Nearly $2.4 million in CARES Act funding earmarked for struggling marine fisheries may have been improper, OSC report finds

Ten of 24 recipients received more money than they lost in 2020 due to the pandemic

  • Posted on - 03/24/2022

TRENTON – A new report from the Office of the State Comptroller (OSC) finds that nearly $2.4 million in COVID-19 recovery funding paid to fisheries in New Jersey may have been improper, because the fisheries received more funds than what they lost in 2020 due to COVID. 

The CARES Act-funded program, administered by DEP, was intended to provide funds to fisheries that lost revenue during the height of the pandemic. To qualify, applicants must have experienced a greater than 35-percent loss between March and June of 2020. But program guidelines required that fisheries could not be made “more than whole”—that is, they could not receive more funds than their actual losses in 2020.

OSC’s review found that $2,373,550, or 22 percent of the money paid to fisheries, may have been improper. To date, those funds have not been returned as required.  

“These funds were for fisheries that lost money because of the pandemic,” said Acting State Comptroller Kevin D. Walsh. “If they didn’t lose money during the pandemic or didn’t lose as much as they claimed, they should pay the money back. If the excess funds aren’t returned, taxpayers could potentially be on the hook.”

OSC selected 24 out of 90 program recipients for its review. Ten recipients received awards that put their total revenue for the year above what their average revenue for 2015-2019, a violation of program guidelines.

Federal guidance did not require that applicants submit documentation of their lost revenue. Instead, applicants signed an affidavit stating that the information they gave was truthful. This “self-certification” process was intended to speed up the distribution of funds. However, OSC found that DEP overlooked basic red flags that would have alerted DEP to errors or misrepresentations in applications.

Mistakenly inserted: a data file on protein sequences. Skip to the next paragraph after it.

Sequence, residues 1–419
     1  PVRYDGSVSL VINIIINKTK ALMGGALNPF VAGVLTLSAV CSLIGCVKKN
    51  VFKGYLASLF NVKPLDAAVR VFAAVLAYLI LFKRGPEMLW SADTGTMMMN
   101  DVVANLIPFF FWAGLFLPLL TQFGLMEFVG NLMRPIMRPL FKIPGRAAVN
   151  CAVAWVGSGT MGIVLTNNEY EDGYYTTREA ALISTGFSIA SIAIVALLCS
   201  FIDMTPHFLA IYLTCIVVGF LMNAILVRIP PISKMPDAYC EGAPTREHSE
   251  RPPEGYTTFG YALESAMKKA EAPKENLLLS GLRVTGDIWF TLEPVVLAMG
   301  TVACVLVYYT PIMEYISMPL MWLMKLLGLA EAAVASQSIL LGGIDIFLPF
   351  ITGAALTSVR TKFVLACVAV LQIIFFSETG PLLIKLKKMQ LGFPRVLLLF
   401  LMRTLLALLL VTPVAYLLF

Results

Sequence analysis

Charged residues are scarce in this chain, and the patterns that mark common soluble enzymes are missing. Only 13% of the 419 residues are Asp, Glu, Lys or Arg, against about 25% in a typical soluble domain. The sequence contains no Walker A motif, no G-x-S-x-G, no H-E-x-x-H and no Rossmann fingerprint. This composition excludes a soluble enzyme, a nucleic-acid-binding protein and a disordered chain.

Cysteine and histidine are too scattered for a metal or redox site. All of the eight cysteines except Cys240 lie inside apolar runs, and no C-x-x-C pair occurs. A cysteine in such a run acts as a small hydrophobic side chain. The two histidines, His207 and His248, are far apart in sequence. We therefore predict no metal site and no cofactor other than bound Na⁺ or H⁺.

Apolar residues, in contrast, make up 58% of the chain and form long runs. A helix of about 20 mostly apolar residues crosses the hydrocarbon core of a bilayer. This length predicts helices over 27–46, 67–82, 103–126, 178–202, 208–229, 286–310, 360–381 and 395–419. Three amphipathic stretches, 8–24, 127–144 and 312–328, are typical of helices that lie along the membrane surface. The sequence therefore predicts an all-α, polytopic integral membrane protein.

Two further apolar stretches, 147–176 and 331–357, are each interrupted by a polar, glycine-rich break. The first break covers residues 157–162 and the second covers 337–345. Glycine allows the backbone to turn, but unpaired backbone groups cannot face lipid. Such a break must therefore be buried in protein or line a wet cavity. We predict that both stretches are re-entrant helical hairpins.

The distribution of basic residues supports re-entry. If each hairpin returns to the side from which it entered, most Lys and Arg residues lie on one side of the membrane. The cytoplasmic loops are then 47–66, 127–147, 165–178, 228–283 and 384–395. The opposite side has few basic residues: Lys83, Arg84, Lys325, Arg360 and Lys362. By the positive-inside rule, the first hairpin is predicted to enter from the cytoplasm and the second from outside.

OSC identified several red flags that DEP should have caught. For example, one applicant reported revenue of $19,200 from March to June every year from 2015-2019 — a circumstance that warranted further investigation. OSC’s review found that this applicant didn’t suffer a 2020 revenue loss, yet still received funds. Another applicant submitted two applications for assistance, and received two awards totaling nearly $377,000, but only suffered a loss of $188,000.

In these instances, DEP did not follow up or request more information from applicants prior to distributing funds, missing a key opportunity to prevent fraud, waste, and abuse.

“Our report finds that DEP did not take adequate steps to address red flags and protect federal recovery funds from being misspent,” said Acting State Comptroller Kevin D. Walsh. “Getting COVID funding out quickly was important, but more should have been done to protect the funds from fraud, waste, and abuse."

OSC is recommending that DEP, along with all agencies tasked with distributing federal COVID recovery funds, take reasonable steps to identify problems that can be addressed without causing any delay. OSC also recommends that DEP direct recipients who were made “more than whole” to return excess funds, in accordance with the rules they agreed to when they received the funds.

If you have any information about government fraud, waste, abuse or mismanagement — particularly of COVID-19 recovery funds — submit a confidential tip to OSC’s hotline by email, on OSC’s website, or by calling 1-855-OSC-TIPS.

The Office of the State Comptroller (OSC) is an independent State agency that works to make government in New Jersey more efficient, transparent and accountable. OSC is tasked with examining all aspects of government expenditures, conducts audits and investigations of government agencies throughout New Jersey, reviews government contracts, and works to detect and prevent fraud, waste and abuse in Medicaid.

Stay up-to-date with the latest from OSC by following us on Twitter, Facebook, LinkedIn, and on Instagram at @NewJerseyComptroller.

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